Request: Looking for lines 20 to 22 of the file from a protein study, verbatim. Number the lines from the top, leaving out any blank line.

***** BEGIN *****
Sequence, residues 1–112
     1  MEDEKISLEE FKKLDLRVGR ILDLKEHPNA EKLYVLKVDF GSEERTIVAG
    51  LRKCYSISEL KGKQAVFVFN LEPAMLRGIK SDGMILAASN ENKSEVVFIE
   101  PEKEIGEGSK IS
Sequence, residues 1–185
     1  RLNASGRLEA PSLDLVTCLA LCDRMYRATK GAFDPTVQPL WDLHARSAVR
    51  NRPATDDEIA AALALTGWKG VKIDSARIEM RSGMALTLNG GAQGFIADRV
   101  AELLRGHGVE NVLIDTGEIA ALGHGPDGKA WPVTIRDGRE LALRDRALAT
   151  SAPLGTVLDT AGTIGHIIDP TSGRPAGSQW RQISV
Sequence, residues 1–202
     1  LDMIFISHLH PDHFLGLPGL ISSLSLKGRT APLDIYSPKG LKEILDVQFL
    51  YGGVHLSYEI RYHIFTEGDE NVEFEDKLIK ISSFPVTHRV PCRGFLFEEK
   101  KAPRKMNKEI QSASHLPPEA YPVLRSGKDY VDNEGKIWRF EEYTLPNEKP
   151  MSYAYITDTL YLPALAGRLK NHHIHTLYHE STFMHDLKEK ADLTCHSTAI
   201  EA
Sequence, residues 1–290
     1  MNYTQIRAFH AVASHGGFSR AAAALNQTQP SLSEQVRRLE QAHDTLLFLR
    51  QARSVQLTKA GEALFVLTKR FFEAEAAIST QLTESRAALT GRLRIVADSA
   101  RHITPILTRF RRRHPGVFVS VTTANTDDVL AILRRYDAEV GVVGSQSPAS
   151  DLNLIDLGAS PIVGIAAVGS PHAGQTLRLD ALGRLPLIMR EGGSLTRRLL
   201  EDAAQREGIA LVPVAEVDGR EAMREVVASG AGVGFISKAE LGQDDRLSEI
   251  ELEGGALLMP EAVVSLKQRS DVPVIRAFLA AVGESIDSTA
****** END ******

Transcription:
   151  DLNLIDLGAS PIVGIAAVGS PHAGQTLRLD ALGRLPLIMR EGGSLTRRLL
   201  EDAAQREGIA LVPVAEVDGR EAMREVVASG AGVGFISKAE LGQDDRLSEI
   251  ELEGGALLMP EAVVSLKQRS DVPVIRAFLA AVGESIDSTA